Needless to say, the pandemic has caused many plans to take a backseat. Organisations have had to pause hiring, rethink business models, while professionals may have found themselves searching for new jobs. In fact, the unemployment rate, which rose to 3.6% in September 2020, had already surpassed the highest recorded during the peak of the global financial crisis.
Now that the pandemic is slowing down, what sort of changes can we expect in our careers? An unprecedented event such as this can shake up our routines and nudge us out of our comfort zones, leading us to think about what is or isn’t important in our careers.
Have a delayed promotion or raise? Didn’t get the new job? Even though the pandemic is a significant disruptor, there are several ways you can continue building skills, experience, and growing your network so that you can jump on opportunities that come post-pandemic when companies recover.
1. Identify how you’d like to develop and grow your career
First, it’s important to understand what you’re working towards. The next step in your career can take the form of several different options. Is it a new role at a different company? Is it a promotion within your company? Are there aspects in your current role that you’d like to focus on?
Once you’ve identified focus points, you can work on building a development plan. This could include upskilling, starting a new project, or arranging Have these at the top of your mind as you embark on your career planning pursuits.
2. Get comfortable with liminality
The ‘in-between’ stage of a past that is clearly gone and a future that is uncertain — referred to as liminality — can be advantageous if you are in the process of a career change.
Many find it unpleasant, as they oscillate between ‘holding on’ and ‘letting go’ but the downtime is how you can consolidate and integrate learning points, plan for the future and recreate your sense of self. Reflect on your working experience, sieve out the instances where you enjoyed your role, and incorporate them into shaping your new plans. Identify the positive and negative experiences. These are beneficial to redefining your professional identity and should be a part of any significant change. It’s vital that you find what works for you in combating these pandemic stressors. When you’re at a turning point as significant as this, using this downtime to reassess your career goals can be enlightening.
3. Meet with your manager to discuss short & long-term goals
Spearhead your career growth by taking charge of the situation. One of the ways to do this is to set up a meeting with your manager to discuss your future goals and how you may achieve them.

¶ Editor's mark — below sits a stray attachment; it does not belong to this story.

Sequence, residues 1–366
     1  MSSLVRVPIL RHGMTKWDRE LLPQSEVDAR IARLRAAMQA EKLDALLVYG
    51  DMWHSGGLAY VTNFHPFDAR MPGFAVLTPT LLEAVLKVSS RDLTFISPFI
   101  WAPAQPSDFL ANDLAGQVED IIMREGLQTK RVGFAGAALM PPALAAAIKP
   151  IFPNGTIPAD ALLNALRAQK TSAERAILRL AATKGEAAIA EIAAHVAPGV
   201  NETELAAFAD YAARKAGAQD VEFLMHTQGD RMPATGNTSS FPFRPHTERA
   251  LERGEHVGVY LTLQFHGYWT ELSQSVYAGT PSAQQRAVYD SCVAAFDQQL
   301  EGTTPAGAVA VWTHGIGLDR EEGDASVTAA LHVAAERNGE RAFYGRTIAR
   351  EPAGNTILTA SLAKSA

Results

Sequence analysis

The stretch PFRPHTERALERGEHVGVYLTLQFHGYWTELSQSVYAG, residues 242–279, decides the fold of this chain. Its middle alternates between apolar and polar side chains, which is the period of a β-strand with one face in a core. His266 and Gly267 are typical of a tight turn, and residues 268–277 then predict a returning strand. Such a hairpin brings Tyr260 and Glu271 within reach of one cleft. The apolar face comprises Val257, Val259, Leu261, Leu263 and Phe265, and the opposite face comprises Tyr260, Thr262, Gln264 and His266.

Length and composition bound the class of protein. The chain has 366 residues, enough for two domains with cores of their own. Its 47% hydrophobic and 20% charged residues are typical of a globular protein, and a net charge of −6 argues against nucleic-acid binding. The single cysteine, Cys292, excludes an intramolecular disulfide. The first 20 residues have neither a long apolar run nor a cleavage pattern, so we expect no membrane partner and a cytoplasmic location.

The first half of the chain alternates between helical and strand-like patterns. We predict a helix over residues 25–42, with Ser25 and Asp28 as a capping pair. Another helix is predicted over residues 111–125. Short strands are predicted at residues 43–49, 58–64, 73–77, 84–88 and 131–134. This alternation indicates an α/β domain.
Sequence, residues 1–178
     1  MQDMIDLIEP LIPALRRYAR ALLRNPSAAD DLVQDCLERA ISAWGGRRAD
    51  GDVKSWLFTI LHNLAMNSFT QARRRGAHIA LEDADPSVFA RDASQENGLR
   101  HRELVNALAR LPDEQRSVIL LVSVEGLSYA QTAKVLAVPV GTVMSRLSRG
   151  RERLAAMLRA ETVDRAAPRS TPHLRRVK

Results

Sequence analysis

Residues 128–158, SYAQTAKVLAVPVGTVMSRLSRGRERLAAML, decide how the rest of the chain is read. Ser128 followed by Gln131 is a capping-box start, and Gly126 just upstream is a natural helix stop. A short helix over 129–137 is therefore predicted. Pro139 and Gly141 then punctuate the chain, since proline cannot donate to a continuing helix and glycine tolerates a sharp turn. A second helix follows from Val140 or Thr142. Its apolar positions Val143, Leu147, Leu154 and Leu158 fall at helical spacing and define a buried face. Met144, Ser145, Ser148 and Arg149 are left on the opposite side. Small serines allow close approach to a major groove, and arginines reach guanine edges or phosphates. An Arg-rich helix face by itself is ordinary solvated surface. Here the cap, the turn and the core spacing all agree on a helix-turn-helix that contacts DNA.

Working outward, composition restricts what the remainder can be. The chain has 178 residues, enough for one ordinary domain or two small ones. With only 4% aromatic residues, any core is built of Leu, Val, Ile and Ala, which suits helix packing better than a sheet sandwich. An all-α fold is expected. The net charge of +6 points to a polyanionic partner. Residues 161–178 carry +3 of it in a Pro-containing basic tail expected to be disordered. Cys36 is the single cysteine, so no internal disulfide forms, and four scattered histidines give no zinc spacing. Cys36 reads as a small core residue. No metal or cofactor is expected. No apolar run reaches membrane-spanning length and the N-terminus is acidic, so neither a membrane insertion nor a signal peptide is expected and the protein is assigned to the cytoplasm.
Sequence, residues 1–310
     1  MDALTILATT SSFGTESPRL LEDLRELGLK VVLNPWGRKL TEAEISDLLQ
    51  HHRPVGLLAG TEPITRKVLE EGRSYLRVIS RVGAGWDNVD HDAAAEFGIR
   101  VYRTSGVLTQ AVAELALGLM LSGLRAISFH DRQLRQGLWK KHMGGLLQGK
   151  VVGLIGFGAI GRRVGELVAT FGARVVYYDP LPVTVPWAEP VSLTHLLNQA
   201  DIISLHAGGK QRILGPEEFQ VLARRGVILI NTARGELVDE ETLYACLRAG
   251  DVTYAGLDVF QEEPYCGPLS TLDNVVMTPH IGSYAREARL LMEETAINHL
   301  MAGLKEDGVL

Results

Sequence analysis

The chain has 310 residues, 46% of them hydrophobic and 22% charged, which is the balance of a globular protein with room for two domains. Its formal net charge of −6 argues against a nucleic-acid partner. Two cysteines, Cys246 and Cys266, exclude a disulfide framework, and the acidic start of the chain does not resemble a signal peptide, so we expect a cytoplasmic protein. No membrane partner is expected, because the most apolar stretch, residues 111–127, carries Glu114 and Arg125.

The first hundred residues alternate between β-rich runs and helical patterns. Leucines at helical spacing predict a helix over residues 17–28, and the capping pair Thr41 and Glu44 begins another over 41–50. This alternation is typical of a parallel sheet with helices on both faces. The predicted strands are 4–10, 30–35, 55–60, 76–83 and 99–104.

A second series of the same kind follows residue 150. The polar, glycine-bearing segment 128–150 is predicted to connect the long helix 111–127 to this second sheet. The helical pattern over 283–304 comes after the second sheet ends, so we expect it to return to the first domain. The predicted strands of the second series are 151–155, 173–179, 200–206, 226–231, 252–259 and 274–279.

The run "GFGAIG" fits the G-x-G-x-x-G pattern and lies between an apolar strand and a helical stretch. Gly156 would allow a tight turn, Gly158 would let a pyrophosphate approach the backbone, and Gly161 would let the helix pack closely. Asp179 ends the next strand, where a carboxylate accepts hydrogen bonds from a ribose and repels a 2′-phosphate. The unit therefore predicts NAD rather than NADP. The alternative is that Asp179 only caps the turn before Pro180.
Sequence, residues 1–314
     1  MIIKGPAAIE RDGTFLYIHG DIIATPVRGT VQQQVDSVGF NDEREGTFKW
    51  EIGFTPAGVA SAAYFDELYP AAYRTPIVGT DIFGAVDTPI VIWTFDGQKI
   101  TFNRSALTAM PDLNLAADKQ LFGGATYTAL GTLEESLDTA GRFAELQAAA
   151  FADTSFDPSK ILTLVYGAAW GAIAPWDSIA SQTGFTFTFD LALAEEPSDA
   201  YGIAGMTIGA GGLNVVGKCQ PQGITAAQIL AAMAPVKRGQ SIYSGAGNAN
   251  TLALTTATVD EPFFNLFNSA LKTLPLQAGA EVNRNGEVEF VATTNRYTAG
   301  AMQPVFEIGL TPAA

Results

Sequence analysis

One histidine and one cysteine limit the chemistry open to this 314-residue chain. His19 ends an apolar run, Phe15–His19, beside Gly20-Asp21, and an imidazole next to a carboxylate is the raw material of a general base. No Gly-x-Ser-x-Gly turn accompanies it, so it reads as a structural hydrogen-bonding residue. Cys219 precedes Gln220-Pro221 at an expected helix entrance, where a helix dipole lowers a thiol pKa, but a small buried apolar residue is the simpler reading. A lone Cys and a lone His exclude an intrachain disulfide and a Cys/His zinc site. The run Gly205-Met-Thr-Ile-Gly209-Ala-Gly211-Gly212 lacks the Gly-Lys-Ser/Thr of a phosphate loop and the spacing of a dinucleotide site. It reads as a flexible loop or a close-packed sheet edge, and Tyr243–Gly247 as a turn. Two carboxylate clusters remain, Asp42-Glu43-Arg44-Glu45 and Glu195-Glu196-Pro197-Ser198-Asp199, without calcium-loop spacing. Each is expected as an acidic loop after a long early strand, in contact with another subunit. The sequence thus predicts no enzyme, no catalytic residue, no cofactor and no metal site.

Because many companies are facing financial stresses during the pandemic, it’s necessary to keep your expectations realistic. Use the meeting as an opportunity for open dialogue: asking for more responsibilities, volunteering for stretch projects, and pitching new ideas could help you develop as a professional. If you’ve been scheduled for a stay interview with your manager, it’s also a great time to have this discussion.
Having open communication will allow your manager to keep you in mind for new opportunities. It’s also essential that you follow up on these goals and putting in the work necessary.
4. Expand your network within & beyond the company
Having a wide and strong network is key to your career growth. Even though many are now working from home, you can still reach out to superiors within your department or the company through virtual meetings and teleconferencing tools such as Slack. Improving your connections within the company can enhance your visibility at work.
Likewise, attending virtual events can introduce you to professionals from other industries, growing your network and positioning you for future promotion or job elsewhere. The post-pandemic workplace might see much less interaction but it shouldn’t stop you from setting up a virtual coffee to network!
5. Kickstart planned & new projects
Relooking at your career plans almost always involves a side project or two; whether that includes part-time courses to hone your skillset or an independent pet project.
The circumstances of the post-pandemic environment have made it easier to allocate time and resources to projects or courses you’ve had your eye on. From listening to podcasts and reading self-development books, to working on a new skill, you can begin setting yourself up for success by chipping away at your career growth goals bit by bit.
If there is one thing you need to remember during this time of reinvention, it is flexibility. Keeping an open mind as you work on your career growth plans can reveal new opportunities and discoveries that you may have otherwise not realised.